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Keychange Charity Rose Lawn Care Home Outstanding

All reports

Inspection report

Date of Inspection: 23, 27 May 2014
Date of Publication: 21 June 2014
Inspection Report published 21 June 2014 PDF

People should be given the medicines they need when they need them, and in a safe way (outcome 9)

Meeting this standard

We checked that people who use this service

  • Will have their medicines at the times they need them, and in a safe way.
  • Wherever possible will have information about the medicine being prescribed made available to them or others acting on their behalf.

How this check was done

We looked at the personal care or treatment records of people who use the service, carried out a visit on 23 May 2014 and 27 May 2014, observed how people were being cared for and checked how people were cared for at each stage of their treatment and care. We talked with people who use the service, talked with carers and / or family members, talked with staff and reviewed information given to us by the provider.

Our judgement

People were protected against the risks associated with medicines because the provider had appropriate arrangements in place to manage medicines.

Reasons for our judgement

At our last inspections we made a judgement that people were not fully protected against the risks associated with medicines because the home did not have appropriate arrangements in place to manage medicines.

Following the inspection the provider sent an action plan to us detailing the improvements made for the appropriate safe disposal and storage of medicines at the home. At this inspection we found that improvements had been made.

We looked at the way the home stored controlled drugs which require additional security in administration and storage. We found the home had suitable storage to store controlled drugs appropriately in accordance with the legislative requirements.

We met with the designated member of staff who was responsible for medicines at the home. We looked at the new controlled drugs register and found that it balanced against the stock held at the home.

We observed two staff administering a pain relieving medicine. We saw the medicine was given at the time it had been prescribed. The staff correctly checked and signed the controlled drug register and the person’s medication administration record (MAR). This showed people were protected because there were robust processes and procedures in place for controlled medicines.

We found that medication was being stored safely in locked cupboards and two medication trolleys were safely secured to the wall in the medication room. The medication cupboards and trolleys were clean and organised which reduced risks of mistakes.

We saw the medication systems in use meant people had their regularly prescribed medicines at the time they needed them and in a safe way. We saw a list detailed clearly which staff were trained and competent to administer medication. Six staff had been trained to administer insulin by the local district nurses to support some people living at the home.

We saw staff had access to a folder containing medicine information about the potential side effects of the medication being administered at the home. This meant staff had the information they needed to identify any adverse side effects more quickly.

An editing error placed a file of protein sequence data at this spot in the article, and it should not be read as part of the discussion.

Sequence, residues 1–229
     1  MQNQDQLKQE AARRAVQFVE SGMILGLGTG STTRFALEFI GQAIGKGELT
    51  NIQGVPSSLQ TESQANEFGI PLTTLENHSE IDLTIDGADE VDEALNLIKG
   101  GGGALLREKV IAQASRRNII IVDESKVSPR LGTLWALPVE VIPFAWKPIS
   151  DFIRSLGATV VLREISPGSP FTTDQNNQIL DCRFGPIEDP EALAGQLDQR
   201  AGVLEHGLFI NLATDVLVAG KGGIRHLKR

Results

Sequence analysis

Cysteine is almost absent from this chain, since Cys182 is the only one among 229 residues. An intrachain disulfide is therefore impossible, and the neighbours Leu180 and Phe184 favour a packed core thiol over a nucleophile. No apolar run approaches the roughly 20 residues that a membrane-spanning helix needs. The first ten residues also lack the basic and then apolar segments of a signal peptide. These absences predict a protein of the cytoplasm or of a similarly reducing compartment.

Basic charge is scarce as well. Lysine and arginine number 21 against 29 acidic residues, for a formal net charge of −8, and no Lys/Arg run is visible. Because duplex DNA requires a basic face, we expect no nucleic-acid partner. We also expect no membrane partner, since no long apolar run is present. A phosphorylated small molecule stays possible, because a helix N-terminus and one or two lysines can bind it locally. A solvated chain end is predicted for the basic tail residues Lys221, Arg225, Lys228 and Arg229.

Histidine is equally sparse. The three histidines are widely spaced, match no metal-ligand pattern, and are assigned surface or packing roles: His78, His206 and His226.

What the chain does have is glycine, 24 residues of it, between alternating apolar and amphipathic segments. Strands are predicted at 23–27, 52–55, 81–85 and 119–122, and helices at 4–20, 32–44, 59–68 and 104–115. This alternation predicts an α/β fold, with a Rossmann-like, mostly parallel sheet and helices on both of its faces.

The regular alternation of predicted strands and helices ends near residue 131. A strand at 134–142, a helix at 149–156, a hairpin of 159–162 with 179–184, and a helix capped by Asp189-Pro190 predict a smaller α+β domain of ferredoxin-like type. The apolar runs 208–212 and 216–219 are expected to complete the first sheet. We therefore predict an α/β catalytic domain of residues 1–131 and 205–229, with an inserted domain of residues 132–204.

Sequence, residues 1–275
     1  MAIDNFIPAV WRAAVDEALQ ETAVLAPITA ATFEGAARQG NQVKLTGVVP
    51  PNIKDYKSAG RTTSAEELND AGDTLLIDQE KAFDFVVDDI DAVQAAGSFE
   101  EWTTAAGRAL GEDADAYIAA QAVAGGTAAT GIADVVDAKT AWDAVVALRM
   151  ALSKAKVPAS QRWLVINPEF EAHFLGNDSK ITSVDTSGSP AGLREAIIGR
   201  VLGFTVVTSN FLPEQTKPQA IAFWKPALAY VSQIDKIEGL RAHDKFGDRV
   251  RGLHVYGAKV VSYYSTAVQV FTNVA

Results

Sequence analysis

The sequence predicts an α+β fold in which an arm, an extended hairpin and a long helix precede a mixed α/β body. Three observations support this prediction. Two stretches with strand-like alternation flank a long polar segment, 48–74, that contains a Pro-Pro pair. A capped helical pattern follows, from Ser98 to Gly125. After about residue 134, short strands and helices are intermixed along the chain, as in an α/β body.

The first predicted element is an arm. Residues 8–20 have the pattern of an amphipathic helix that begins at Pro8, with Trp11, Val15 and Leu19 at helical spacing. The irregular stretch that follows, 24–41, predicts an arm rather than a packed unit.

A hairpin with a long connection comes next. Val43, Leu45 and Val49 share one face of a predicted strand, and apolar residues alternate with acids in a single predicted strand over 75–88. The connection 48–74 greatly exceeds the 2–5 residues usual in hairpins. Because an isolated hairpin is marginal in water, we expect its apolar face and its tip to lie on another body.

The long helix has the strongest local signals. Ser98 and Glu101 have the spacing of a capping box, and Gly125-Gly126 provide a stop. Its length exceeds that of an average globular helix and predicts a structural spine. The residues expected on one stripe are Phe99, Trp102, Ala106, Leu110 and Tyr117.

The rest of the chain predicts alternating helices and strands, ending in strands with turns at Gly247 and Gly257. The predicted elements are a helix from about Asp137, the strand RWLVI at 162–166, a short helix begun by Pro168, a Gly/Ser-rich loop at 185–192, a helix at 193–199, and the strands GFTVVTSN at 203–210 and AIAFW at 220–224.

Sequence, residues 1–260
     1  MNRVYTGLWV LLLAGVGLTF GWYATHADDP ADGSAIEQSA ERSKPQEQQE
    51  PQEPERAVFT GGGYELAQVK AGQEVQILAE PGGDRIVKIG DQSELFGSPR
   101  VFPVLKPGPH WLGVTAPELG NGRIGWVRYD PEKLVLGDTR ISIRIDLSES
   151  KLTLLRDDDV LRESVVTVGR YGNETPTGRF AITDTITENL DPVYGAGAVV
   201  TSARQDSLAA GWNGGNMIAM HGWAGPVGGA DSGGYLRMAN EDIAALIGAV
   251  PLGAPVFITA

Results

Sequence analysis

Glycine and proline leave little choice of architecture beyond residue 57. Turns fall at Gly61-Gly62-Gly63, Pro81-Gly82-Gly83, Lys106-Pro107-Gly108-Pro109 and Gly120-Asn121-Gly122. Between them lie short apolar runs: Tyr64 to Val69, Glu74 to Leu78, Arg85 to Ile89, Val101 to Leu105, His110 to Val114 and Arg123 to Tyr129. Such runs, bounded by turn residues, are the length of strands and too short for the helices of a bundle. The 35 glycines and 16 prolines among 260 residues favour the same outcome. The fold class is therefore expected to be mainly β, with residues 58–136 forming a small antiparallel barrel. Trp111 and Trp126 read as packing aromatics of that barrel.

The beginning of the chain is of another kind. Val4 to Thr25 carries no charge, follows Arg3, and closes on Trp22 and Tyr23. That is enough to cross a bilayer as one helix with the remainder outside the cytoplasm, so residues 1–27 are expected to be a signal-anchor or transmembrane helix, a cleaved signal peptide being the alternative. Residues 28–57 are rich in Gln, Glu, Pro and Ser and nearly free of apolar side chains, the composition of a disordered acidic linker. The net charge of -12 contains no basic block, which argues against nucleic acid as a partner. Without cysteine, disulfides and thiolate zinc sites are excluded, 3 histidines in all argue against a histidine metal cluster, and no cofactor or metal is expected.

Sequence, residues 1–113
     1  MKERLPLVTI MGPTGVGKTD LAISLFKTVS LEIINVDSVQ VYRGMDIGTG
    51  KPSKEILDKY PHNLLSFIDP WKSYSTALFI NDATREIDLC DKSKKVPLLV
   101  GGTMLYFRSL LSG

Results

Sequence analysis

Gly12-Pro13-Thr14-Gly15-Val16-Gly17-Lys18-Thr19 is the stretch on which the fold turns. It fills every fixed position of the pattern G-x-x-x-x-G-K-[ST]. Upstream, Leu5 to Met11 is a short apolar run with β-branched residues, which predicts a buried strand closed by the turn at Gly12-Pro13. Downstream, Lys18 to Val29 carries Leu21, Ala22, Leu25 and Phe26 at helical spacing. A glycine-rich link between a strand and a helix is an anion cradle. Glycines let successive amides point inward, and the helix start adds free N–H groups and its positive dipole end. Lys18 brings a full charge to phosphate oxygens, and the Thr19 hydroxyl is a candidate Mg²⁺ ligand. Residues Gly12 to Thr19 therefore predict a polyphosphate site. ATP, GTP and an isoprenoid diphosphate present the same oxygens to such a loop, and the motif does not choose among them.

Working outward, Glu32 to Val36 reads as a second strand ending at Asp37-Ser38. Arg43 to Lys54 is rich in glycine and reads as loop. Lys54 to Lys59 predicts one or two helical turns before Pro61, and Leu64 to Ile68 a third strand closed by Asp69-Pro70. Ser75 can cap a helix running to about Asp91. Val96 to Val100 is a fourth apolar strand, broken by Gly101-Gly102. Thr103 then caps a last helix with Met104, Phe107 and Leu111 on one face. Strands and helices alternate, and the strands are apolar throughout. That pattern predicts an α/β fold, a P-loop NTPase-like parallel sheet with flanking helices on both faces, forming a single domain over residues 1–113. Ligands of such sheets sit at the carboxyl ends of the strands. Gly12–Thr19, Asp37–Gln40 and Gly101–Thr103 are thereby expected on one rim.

Medicines were safely administered. We observed staff administering medication, and found they had a good understanding about what each medication was used for. Staff did not appear rushed and discussed their medication with the person. Staff supported the person to take their tablets, then offered them a drink and waited patiently whilst the person swallowed their medicine. One person told us, “I have my sleeping tablet brought to me, they (staff) stay while I have a drink”.

The home had an audit on 27 February 2014 undertaken by an external pharmacist that supplies medication to the home. We saw that the pharmacist had made a few recommendations. One of these actions recommended the home monitored the room temperature where the medication was stored. We saw that there was a thermometer on the wall in the medication room and a daily recording sheet. This meant the home followed recommended guidance from pharmaceutical professionals.

We saw the medication fridge was locked and staff had recorded daily the minimum and maximum internal temperature of the fridge. We found the readings were consistently the same and the thermometer sensor was outside of the fridge. The provider may find it useful to note that staff had not identified the thermometer was not working correctly. This could put people at risk of receiving ineffective medication if not stored at the recommended correct temperature.

Appropriate arrangements were in place in relation to the recording of medicine. A medication administration record (MAR) was completed which showed the time and date when medicine had been taken and initials of the staff member who had administered the medication. We checked nine people's MAR charts and found they were clearly written and up to date. We saw printed on the MAR chart that some prescribed medication advised the staff to use as required. T